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DRUNKEN ANGEL (Yoidore tenshi) (director/writer: Akira Kurosawa; screenwriter: Keinosuke Uegusa; cinematographer: Takeo Ito; editor: Akira Kurosawa; music: Fumio Hayasaka; cast: Toshiro Mifune (Matsunaga), Takashi Shimura (Dr. Sanada), Reizaburo Yamamoto (Okada), Michiyo Kogure (Nanae), Eitarô Shindô (Dr.Takahama), Chieko Nakakita (Miyo), Choko Iida (Maidservant), Noriko Sengoku (Gin), Masao Shimizu (Big Boss); Runtime: 102; MPAA Rating: NR; producer: Sojiro Motoki; Criterion Collection; 1948-Japan-in Japanese with English subtitles)
“Nothing that hasn’t been done before in Hollywood, and in many cases better.”

Reviewed by Dennis Schwartz

Akira Kurosawa (“Throne of Blood”/”Red Beard”/”Stray Dog”) directs this minor noir film, set during the pessimistic swamplike postwar WWII period of Tokyo. Its claim to fame other than its moody noirish atmospheric photography is the sharp performance by the unknown 28-year-old Toshiro Mifune, which was the first of their 16 collaborations. It was Kurosawa’s first important film (he said he found his style) and borrowed heavily from the Italian neo-realists and the American gangster films of James Cagney.

Matsunaga (Toshiro Mifune), a nasty young hoodlum with a big mouth and a swagger, has a bullet removed from his left hand without anesthetics by the gruff alcoholic Dr. Sanada (Takashi Shimura); the doctor, who is located in a Tokyo dockside slum neighborhood that is controlled by gangs, guesses correctly from the thug’s cough that he has tuberculosis. The doctor, the film’s drunken angel, whose rough exterior hides a gentle heart, takes an interest in treating the thug even though he’s treated by him with contempt (a surrogate father and a young punk bonding develops). But things become complicated when Matsunaga’s boss Okada (Reizaburo Yamamoto) gets out of jail after serving three years and reclaims the market territory run by Matsunaga and tries to reclaim the girlfriend he abused, Miyo (Cheiko Nakakita), who happens to be Sanada’s nurse; and, also takes away Matsunaga’s unfaithful girlfriend, the dancehall hostess Nanae (Michiyo Kogure).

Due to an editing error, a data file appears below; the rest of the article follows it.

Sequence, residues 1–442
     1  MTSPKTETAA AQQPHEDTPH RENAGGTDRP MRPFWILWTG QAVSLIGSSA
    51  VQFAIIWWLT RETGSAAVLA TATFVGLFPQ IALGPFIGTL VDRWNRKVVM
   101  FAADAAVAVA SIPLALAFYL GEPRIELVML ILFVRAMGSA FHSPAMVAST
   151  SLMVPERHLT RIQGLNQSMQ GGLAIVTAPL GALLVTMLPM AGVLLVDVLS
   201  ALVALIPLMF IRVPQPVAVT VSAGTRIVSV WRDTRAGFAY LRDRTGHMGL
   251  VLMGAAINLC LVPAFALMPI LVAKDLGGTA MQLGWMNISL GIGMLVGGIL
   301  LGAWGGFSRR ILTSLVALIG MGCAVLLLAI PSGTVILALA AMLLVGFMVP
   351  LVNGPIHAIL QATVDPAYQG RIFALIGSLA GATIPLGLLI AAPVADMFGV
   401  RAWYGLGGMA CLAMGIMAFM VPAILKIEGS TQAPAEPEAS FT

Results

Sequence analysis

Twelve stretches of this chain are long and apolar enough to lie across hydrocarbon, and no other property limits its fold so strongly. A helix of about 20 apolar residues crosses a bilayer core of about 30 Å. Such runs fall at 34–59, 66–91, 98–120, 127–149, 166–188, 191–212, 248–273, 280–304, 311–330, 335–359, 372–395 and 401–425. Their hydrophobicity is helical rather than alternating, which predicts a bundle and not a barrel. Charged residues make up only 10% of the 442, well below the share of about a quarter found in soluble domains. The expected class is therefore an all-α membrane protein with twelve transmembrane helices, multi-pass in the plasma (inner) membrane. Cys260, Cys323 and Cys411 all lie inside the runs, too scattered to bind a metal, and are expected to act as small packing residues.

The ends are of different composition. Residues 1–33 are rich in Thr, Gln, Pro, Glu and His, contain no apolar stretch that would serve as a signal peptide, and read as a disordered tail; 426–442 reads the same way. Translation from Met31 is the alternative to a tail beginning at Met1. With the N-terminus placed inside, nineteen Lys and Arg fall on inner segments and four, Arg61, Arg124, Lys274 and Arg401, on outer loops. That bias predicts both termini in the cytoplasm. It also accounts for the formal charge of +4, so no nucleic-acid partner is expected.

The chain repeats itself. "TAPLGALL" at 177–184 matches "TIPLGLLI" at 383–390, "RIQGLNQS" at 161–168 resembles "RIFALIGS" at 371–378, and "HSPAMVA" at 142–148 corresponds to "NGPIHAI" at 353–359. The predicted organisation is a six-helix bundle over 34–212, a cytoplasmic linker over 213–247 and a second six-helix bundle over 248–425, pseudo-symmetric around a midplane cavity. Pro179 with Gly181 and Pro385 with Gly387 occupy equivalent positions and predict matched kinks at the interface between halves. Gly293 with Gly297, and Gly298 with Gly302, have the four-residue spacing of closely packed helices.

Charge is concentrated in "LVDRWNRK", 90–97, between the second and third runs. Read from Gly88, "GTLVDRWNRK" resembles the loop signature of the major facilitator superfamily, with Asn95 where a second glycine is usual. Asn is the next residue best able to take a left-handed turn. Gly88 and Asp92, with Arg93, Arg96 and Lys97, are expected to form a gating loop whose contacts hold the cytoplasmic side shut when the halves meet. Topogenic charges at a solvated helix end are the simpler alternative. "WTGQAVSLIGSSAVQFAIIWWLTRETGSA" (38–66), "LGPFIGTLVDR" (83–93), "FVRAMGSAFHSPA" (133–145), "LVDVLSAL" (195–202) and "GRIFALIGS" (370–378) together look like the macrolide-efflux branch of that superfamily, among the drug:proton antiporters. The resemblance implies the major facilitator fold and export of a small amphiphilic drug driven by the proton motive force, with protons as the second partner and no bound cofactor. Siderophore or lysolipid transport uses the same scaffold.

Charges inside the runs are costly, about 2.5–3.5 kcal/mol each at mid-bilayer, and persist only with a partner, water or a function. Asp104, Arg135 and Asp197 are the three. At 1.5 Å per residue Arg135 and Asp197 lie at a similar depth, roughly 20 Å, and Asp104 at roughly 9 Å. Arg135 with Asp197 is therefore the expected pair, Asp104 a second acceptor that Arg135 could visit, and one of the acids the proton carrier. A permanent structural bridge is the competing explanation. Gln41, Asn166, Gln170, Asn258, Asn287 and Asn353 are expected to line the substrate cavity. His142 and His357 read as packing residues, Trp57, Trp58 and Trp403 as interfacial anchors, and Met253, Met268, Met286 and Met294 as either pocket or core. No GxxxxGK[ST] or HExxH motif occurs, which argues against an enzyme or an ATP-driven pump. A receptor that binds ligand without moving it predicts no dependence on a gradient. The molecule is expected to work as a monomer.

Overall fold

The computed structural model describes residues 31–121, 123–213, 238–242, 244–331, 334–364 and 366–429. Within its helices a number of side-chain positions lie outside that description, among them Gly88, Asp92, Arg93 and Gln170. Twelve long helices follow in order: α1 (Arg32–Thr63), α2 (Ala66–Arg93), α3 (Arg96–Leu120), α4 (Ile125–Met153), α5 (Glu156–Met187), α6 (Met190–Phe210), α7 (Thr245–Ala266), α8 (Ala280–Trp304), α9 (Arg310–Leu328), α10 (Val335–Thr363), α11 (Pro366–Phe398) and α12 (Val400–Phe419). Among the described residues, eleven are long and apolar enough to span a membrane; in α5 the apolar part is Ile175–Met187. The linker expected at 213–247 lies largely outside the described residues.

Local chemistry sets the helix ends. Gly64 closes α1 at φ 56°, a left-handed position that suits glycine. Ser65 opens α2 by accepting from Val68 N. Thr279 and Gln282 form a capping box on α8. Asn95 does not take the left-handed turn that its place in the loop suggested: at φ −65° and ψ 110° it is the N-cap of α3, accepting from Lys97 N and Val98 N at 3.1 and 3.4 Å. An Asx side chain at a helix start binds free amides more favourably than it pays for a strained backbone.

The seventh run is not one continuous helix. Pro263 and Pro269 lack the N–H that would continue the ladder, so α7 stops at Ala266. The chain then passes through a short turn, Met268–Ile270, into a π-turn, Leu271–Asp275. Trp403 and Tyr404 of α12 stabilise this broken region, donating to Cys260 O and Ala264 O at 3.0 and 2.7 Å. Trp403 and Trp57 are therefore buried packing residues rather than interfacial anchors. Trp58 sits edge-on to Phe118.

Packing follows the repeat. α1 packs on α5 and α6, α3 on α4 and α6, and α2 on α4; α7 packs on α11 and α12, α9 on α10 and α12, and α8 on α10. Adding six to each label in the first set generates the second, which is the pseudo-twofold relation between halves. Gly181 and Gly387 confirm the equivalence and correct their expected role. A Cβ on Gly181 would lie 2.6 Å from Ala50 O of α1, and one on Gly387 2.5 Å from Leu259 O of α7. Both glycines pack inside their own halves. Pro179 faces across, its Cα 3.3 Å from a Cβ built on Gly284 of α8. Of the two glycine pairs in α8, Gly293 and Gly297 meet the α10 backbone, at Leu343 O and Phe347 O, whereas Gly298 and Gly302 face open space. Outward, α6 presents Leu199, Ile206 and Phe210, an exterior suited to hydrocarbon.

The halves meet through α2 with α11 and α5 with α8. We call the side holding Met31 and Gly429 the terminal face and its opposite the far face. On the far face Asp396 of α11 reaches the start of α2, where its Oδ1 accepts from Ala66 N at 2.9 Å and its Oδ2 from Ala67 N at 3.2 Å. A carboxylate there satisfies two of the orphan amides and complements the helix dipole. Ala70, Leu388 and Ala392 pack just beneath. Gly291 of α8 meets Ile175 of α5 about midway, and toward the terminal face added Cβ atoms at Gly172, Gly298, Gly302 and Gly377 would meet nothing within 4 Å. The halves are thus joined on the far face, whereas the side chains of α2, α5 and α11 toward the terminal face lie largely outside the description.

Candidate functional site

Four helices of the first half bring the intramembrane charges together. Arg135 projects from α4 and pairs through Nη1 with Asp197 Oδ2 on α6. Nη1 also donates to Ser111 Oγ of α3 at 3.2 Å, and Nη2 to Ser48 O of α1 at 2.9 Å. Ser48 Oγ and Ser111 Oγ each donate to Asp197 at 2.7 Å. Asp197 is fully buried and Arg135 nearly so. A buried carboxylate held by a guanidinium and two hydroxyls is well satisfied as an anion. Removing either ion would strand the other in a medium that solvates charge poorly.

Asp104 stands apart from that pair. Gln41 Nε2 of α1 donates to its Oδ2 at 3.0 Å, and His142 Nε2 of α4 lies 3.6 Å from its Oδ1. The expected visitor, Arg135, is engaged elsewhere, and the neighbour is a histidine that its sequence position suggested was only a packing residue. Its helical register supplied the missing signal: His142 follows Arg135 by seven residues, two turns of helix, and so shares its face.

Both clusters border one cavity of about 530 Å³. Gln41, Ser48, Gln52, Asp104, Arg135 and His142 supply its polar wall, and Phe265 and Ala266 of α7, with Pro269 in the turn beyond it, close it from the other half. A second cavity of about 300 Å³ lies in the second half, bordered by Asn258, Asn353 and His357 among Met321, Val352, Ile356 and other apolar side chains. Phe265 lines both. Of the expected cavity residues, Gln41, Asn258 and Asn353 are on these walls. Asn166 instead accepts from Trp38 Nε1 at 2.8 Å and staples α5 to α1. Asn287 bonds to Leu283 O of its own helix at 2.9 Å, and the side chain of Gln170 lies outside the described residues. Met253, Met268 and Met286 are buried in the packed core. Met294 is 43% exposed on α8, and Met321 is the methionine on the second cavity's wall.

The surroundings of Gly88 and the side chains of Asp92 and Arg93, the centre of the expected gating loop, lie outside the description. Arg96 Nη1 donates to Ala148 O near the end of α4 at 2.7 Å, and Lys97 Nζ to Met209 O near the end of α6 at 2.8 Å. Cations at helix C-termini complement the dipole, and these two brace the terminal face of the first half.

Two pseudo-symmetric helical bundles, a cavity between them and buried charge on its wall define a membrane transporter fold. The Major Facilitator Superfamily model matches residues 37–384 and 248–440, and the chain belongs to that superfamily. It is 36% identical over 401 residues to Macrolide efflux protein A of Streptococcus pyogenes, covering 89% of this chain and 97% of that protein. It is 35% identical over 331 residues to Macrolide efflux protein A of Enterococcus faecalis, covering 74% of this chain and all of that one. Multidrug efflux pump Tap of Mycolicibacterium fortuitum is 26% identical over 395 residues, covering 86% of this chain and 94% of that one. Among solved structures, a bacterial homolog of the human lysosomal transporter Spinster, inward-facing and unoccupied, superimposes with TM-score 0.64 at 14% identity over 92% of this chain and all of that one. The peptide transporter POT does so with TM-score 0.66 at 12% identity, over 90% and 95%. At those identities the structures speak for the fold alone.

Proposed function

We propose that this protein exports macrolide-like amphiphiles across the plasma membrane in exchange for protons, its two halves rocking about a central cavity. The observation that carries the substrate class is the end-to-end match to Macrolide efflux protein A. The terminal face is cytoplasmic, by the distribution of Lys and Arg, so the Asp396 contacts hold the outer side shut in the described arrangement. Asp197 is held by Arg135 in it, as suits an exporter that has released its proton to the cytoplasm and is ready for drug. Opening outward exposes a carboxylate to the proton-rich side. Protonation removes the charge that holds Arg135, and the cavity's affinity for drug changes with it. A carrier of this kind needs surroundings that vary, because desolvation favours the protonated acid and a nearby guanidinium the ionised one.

The climactic scene has a weakened Matsunaga begging Okada to leave Miyo alone. But Matsunaga is expendable now that he’s dying, and when he hears his boss say this to another thug who is promised his territory as soon as he dies–Matsunaga in a rage goes after Okada with a knife. But he drops his knife when he coughs up blood and Okada is able to stab him to death in a paint-filled corridor, in one of the weaker knife fights put on celluloid (it looked like a fight between two sissies).

The film is crudely shot and is filled with the usual American gangster clichés. Its aim is all about the moral struggle between the two opposites–the doctor, who remained in the slum while his schoolmates have gone on to prestigious positions in more affluent areas, wants earnestly to clean up both the crime and sickness (such as getting rid of a malaria-ridden pond where children play, educating the community of the venereal disease epidemic, and to impress on his patients that it takes “will power” to overcome TB) and the gangster who can’t change his ways (representing the Old Japan of the emperor that made its people make foolish sacrifices) and tries to carry out his ruthless and corrupt gangster lifestyle even when dying (but who nevertheless still shows he hasn’t lost all his humanity by trying to help the nurse). Nothing that hasn’t been done before in Hollywood, and in many cases better.


Dennis Schwartz: “Ozus’ World Movie Reviews”